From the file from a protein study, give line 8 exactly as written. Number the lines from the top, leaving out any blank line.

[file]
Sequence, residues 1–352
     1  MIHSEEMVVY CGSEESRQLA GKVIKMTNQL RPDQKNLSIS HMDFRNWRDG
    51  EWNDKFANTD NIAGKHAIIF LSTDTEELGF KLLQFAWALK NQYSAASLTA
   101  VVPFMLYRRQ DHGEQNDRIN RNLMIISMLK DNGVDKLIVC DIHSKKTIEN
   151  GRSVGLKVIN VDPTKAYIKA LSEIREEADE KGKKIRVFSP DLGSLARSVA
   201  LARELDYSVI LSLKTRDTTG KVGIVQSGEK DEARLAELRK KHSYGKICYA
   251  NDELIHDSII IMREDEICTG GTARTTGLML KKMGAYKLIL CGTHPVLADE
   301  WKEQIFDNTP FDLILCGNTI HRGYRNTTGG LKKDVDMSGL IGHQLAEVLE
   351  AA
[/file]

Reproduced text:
   301  WKEQIFDNTP FDLILCGNTI HRGYRNTTGG LKKDVDMSGL IGHQLAEVLE